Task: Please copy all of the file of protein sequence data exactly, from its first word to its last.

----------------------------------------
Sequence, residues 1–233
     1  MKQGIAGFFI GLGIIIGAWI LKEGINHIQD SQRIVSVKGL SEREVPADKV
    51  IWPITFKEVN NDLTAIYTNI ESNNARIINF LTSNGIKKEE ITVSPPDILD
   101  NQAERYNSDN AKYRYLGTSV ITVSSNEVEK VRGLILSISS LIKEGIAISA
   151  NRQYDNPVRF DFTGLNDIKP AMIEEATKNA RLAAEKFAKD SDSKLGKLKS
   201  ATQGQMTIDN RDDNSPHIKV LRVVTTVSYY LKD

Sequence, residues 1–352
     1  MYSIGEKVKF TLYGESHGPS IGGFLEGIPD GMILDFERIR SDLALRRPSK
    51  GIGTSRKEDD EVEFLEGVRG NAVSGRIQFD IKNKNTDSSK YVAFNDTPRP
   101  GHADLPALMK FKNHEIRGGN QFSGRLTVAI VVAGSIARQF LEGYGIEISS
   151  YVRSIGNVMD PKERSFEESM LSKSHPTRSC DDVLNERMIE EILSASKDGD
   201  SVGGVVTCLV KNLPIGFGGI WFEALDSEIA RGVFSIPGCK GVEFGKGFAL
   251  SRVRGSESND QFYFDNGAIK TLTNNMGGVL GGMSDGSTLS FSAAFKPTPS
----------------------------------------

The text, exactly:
Sequence, residues 1–233
     1  MKQGIAGFFI GLGIIIGAWI LKEGINHIQD SQRIVSVKGL SEREVPADKV
    51  IWPITFKEVN NDLTAIYTNI ESNNARIINF LTSNGIKKEE ITVSPPDILD
   101  NQAERYNSDN AKYRYLGTSV ITVSSNEVEK VRGLILSISS LIKEGIAISA
   151  NRQYDNPVRF DFTGLNDIKP AMIEEATKNA RLAAEKFAKD SDSKLGKLKS
   201  ATQGQMTIDN RDDNSPHIKV LRVVTTVSYY LKD

Sequence, residues 1–352
     1  MYSIGEKVKF TLYGESHGPS IGGFLEGIPD GMILDFERIR SDLALRRPSK
    51  GIGTSRKEDD EVEFLEGVRG NAVSGRIQFD IKNKNTDSSK YVAFNDTPRP
   101  GHADLPALMK FKNHEIRGGN QFSGRLTVAI VVAGSIARQF LEGYGIEISS
   151  YVRSIGNVMD PKERSFEESM LSKSHPTRSC DDVLNERMIE EILSASKDGD
   201  SVGGVVTCLV KNLPIGFGGI WFEALDSEIA RGVFSIPGCK GVEFGKGFAL
   251  SRVRGSESND QFYFDNGAIK TLTNNMGGVL GGMSDGSTLS FSAAFKPTPS